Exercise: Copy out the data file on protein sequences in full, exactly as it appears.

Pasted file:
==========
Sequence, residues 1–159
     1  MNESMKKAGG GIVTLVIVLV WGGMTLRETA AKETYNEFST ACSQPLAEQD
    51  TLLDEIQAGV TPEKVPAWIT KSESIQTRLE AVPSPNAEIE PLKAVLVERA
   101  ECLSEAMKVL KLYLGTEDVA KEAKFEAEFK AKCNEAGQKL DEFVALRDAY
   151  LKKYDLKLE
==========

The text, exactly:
Sequence, residues 1–159
     1  MNESMKKAGG GIVTLVIVLV WGGMTLRETA AKETYNEFST ACSQPLAEQD
    51  TLLDEIQAGV TPEKVPAWIT KSESIQTRLE AVPSPNAEIE PLKAVLVERA
   101  ECLSEAMKVL KLYLGTEDVA KEAKFEAEFK AKCNEAGQKL DEFVALRDAY
   151  LKKYDLKLE